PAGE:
Living in area managed by a Homeowners Association ("HOA") may seem to impart a potential sense of community, but in any community, there is always a potential for conflict.
Cite the Rulebook: Homeowner's Associations give out guides or policy books that, for all intents and purposes, set out the rules for living in that community. If someone's misconduct violates the established rules, then pointing out the infraction in the language of the rulebook can be an effective form of advocacy.
Show Your Evidence: Persuasion is easier when you provide proof. For instance, if the issue involves a supposedly missed maintenance fee, then include a copy of the payment notice with the letter. Likewise, when you send your HOA complaint letter, you may want to consider sending it via registered mail, as well as keeping a copy for your records. In so doing, you can later show that the Homeowners Association was aware of the problem.
Convince, Don't Abuse: Interpersonal conflict can involve strong emotions, and a dispute with someone in a Homeowners Association community is no different. Personal attacks or the use of profanity may provide some form of cathartic release, but it is also counterproductive. The art of persuasion means winning someone over, which is nearly impossible if they have been insulted or otherwise offended. Worse still, threatening language in any letter could possibly lead to an adverse reaction such as the filing of a criminal complaint. Finally, don't forget the provide a solution in HOA letters: tell the Homeowners Association what you want them to do for you.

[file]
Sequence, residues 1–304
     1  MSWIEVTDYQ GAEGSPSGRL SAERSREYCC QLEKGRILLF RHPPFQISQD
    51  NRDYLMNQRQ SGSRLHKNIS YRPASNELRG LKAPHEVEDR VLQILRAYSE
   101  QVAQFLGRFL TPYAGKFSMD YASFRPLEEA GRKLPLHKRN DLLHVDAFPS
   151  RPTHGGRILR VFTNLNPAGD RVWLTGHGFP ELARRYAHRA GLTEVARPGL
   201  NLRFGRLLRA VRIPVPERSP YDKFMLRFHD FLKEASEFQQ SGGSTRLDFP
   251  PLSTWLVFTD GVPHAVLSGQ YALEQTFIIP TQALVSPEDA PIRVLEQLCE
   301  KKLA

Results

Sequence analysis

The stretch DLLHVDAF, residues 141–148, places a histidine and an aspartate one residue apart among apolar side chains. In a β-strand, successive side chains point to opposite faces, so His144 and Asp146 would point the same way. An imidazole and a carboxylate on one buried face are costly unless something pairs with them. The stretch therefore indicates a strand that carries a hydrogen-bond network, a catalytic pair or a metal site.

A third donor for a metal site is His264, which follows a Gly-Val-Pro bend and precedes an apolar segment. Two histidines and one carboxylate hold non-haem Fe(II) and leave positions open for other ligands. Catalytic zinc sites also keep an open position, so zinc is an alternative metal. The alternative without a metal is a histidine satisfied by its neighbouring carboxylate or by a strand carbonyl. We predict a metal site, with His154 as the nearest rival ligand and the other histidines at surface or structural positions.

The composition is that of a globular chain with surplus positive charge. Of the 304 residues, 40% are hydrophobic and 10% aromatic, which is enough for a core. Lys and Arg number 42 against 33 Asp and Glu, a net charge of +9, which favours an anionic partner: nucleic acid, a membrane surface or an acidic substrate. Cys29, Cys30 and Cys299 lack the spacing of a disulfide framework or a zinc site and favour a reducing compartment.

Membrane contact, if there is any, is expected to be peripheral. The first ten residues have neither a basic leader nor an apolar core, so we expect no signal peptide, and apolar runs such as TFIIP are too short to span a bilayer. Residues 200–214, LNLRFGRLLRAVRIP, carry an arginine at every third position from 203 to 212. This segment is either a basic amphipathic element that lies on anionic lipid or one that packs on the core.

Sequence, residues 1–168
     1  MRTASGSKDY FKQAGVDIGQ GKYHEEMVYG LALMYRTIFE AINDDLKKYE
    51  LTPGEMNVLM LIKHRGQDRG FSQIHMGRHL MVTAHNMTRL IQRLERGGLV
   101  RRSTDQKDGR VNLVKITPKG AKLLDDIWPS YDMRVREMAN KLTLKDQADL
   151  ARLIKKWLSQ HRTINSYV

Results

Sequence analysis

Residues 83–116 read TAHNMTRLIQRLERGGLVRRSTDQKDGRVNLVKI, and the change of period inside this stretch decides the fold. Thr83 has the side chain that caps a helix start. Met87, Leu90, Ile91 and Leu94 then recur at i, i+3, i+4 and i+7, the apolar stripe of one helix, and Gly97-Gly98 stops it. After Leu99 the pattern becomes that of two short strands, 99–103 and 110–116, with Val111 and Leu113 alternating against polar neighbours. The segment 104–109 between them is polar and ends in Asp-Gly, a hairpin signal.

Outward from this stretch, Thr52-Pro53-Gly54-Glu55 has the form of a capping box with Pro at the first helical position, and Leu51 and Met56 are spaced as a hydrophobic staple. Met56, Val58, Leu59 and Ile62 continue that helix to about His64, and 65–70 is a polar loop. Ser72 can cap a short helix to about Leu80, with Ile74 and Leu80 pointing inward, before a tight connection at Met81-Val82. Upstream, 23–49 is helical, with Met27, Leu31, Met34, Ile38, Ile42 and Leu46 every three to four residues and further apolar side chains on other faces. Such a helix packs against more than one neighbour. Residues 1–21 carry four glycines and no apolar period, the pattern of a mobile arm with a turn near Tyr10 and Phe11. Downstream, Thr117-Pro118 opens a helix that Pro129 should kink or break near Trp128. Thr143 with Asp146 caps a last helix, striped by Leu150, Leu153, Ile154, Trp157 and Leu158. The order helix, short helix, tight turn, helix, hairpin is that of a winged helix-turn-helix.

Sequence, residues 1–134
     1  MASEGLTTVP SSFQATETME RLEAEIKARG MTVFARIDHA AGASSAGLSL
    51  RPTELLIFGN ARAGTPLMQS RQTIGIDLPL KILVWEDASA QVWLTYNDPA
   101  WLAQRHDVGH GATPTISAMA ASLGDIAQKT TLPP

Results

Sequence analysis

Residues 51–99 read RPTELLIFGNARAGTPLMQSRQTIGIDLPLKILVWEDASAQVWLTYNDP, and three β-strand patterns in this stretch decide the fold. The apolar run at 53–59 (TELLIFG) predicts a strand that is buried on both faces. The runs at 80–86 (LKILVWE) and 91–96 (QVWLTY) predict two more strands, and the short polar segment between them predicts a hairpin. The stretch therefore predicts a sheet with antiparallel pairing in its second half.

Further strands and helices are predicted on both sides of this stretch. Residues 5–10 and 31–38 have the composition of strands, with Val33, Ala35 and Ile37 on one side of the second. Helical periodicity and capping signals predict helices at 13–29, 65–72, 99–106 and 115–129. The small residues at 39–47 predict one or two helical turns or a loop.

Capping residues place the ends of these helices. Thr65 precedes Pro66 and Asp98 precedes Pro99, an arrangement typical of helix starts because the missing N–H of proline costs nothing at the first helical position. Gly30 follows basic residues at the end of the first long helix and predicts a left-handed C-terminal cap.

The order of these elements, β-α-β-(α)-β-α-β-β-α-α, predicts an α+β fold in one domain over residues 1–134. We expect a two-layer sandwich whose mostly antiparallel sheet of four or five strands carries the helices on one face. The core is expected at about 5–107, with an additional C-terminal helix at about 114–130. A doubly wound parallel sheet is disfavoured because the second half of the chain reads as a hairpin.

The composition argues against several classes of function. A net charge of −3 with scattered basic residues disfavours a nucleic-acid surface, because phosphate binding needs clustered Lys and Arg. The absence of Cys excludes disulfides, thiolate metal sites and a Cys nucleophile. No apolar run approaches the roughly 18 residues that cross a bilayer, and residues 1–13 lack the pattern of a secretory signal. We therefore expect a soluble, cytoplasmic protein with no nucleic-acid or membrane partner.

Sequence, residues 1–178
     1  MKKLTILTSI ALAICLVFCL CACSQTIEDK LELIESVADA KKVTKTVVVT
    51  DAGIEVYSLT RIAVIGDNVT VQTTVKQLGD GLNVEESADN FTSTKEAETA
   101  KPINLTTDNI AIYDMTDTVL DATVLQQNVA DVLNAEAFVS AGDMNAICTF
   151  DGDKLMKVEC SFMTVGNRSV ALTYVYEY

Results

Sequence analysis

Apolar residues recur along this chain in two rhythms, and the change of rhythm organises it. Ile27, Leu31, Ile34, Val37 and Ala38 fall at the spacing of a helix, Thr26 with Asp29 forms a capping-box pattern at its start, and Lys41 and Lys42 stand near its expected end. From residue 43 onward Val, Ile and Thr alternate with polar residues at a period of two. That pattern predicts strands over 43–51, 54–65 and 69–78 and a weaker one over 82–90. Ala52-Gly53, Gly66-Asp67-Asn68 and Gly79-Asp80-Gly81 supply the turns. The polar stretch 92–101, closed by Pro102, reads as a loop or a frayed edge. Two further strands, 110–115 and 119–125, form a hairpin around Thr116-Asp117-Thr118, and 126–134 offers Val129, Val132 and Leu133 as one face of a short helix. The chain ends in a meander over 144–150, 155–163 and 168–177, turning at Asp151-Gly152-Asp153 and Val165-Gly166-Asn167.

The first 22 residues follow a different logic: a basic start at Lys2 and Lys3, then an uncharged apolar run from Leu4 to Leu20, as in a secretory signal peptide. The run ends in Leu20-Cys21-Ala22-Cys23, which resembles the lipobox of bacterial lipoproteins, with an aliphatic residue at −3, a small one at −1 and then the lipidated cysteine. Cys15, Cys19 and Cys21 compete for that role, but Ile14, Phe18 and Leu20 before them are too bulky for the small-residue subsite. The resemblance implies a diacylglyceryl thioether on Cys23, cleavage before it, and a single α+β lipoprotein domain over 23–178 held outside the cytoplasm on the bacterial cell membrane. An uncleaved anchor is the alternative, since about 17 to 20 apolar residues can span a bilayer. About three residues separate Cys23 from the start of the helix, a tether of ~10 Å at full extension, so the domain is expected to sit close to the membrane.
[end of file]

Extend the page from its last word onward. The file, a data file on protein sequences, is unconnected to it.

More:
Usually, a dispute involving a Homeowners Association can be handled by the complainant themselves. However, if a Homeowners Association is known for acting in a unfair or arbitrary way, a person may want to consider the possibility of getting a lawyer. (Accordingly, the information herein should not be interpreted as actual legal advice). The fact that a homeowner is represented by an attorney may demonstrate the complaint's resolve and possibly prevent a vindictive reaction to a reasonable and justified complaint letter. Of course, if litigation is required to resolve the matter, then an attorney can formulate a case and advocate for the best possible outcome.
As with any dispute, the opportunity for rational discourse should not be ruled out. A discussion that involves active listening can uncover the driving force behind a problem, and together, the parties involved can change their behavior. Unfortunately, some people are simply not inclined to listen. When that happens, then writing a HOA complaint letter may suffice.
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